8:15 AM  The Computational Fast Track.

Benjamin M Woodruff*, Jason Grout and Casey Johnson, Brigham Young University (1003-A1-640)


8:30 AM  Conjecturing.

Robert E. Buck, Slippery Rock University (1003-A1-831)


8:45 AM  Communicating Mathematics through Inquiry-Guided Instruction or a Modified Moore Method.

Katherine J. Mawhinney, Appalachian State University (1003-A1-940)


9:00 AM  The role of 15-minute problems.

Curtis D. Bennett* and Jacqueline M. Dewar, Loyola Marymount University (1003-A1-807)


9:15 AM  Implementing Miniature “Conferences” in the Now-Standard Bridge-to-Higher-Mathematics Course.

Damon Scott* and Thomas Fitzkee, Francis Marion University (1003-A1-229)


9:30 AM  An Exploratory Approach to Analysis.

Kirk E Weller*, University of North Texas, and Joanne E Snow, Saint Mary’s College (1003-A1-846)


10:00 AM  Creating Discussions with Classroom Voting.

Kelly S. Cline, Carroll College (1003-A1-1023)


10:30 AM  Using Writing to Promote Learning and Self-Assessment in a Mathematics Course for Prospective Elementary School Teachers.

Donna Beers, Simmons College (1003-A1-818)


10:45 AM  The Use of Journals in Content Courses for Future Elementary Teachers.

Timothy D Comar, Benedictine University (1003-A1-416)


11:00 AM  Readings in Mathematics:  A project-based mathematics course.

Dana P. Rowland, Merrimack College (1003-A1-931)


11:15 AM  Problem Analysis:  An Assignment to Deepen Understanding of School Mathematics.

Mary L Garner, Kennesaw State University (1003-A1-291)


11:45 AM  About Us:  From a Measurement Perspective.

Karen D Ivy, Montclair State University (1003-A1-790)





· Session III - Thursday, January 6, 2005, 1:00 PM – 4:05 PM


1:00 PM  Mathematicians Are Real People, Too:  Biographies in a Senior Capstone Course.

David W. Dempsey, Jacksonville State University (1003-A1-867)


1:15 PM  What does a mathematician do? Presenting recent articles in upper level courses.

Elyn Rykken, Muhlenberg College (1003-A1-1054)


1:30 PM  Introduction to Research Seminar:  Getting students to read, write and talk about mathematics.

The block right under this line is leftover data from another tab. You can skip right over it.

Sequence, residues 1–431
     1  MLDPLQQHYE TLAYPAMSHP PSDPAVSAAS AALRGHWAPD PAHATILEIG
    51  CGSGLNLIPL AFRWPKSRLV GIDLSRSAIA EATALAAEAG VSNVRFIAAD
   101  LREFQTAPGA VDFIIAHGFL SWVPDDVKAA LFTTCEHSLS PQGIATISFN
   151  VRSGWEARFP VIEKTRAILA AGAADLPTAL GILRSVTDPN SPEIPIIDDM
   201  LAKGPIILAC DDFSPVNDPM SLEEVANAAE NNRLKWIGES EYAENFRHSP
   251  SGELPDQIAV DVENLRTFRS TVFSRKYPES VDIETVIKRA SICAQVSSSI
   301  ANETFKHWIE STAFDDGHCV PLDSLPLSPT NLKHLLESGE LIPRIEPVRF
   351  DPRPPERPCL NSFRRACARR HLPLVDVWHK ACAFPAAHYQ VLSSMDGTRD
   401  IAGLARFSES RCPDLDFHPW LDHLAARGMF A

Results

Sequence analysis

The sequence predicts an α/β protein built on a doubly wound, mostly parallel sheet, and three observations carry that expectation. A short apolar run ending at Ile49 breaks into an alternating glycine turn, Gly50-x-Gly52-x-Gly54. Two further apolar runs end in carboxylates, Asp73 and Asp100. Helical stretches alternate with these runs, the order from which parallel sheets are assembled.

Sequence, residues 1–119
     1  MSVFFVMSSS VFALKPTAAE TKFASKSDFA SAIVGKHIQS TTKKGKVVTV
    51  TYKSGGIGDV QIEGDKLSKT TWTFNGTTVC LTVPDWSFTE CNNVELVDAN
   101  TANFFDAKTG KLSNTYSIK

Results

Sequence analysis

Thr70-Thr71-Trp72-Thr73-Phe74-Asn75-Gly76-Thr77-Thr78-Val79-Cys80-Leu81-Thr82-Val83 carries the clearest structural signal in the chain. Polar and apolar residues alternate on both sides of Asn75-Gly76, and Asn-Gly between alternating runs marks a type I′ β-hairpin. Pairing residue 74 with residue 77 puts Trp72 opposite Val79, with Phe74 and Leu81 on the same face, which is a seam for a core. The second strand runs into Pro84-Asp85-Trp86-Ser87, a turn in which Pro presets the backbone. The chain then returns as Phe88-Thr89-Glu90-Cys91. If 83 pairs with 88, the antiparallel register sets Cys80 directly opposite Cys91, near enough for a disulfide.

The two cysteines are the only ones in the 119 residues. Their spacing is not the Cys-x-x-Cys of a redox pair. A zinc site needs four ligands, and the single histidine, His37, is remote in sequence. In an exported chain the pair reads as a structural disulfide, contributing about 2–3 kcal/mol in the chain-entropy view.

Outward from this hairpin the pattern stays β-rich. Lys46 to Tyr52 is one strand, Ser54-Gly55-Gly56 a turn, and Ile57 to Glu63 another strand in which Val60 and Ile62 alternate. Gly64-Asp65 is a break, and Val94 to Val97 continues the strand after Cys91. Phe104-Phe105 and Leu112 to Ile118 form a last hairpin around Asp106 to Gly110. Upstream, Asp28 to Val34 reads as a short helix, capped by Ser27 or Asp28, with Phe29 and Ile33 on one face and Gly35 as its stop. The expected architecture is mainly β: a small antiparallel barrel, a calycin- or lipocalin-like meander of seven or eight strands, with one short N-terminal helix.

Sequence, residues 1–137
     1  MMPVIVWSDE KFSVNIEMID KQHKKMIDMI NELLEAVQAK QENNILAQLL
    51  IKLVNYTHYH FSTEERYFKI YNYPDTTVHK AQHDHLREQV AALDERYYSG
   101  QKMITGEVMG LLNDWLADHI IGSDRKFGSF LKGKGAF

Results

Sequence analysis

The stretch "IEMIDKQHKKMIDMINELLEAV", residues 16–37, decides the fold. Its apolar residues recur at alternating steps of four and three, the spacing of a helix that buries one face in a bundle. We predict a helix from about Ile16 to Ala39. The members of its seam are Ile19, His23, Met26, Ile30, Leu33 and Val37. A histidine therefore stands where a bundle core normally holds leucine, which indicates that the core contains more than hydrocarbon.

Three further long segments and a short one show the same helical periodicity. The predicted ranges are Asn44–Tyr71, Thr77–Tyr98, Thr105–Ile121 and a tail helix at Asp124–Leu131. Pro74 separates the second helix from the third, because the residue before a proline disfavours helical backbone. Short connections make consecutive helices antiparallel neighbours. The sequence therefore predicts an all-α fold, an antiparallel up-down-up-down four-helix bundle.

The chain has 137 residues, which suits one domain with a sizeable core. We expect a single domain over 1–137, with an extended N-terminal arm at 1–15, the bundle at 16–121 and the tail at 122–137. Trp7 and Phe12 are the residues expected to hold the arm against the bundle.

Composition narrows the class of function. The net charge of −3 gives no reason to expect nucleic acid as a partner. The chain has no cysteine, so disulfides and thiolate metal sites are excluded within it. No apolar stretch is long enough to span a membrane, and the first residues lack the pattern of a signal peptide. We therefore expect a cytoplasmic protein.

Kimberly A. Roth, Wheeling Jesuit University (1003-A1-841)


1:45 PM  Using Letter-Writing to Enhance a Calculus Course. Preliminary report.

Russell E. Goodman, Central College (1003-A1-1213)


2:00 PM  Talking about Vector Calculus. Preliminary report.

Barbara Edwards* and Tevian Dray, Oregon State University (1003-A1-426)


2:15 PM  Four Revolutionaries, an Integral, and a Pizza Place, and The Midnight Trek.

Jennifer M. Switkes, California State Polytechnic University, Pomona (1003-A1-198)


2:30 PM  Getting Students to Discuss Mathematics.

Youyu Phillips, Keystone College (1003-A1-902)


2:45 PM  Creative Proof Critiques As Writing Assignments in Abstract Algebra. Preliminary report.

Reva Kasman, Grand Valley State University (1003-A1-796)


3:00 PM  Getting Students to Discuss and to Write about Mathematics in a Linked Finite Math and Computer Technology Course.

Morteza Shafii-Mousavi* and Paul Kochanowski, Indiana University South Bend (1003-A1-212)


3:30 PM  Writing to Learn:  Writing Across the Curriculum in Undergraduate Computer Science.

Brian C. Ladd, St. Lawrence University (1003-A1-1536)


3:45 PM  How Rhetoric Transformed a Business Mathematics Course.

Kris H. Green and Allen Emerson*, St. John Fisher College (1003-A1-377)



This page was created and is maintained by S. L. Mabrouk, Framingham State University.

This page was last modified on September 1, 2009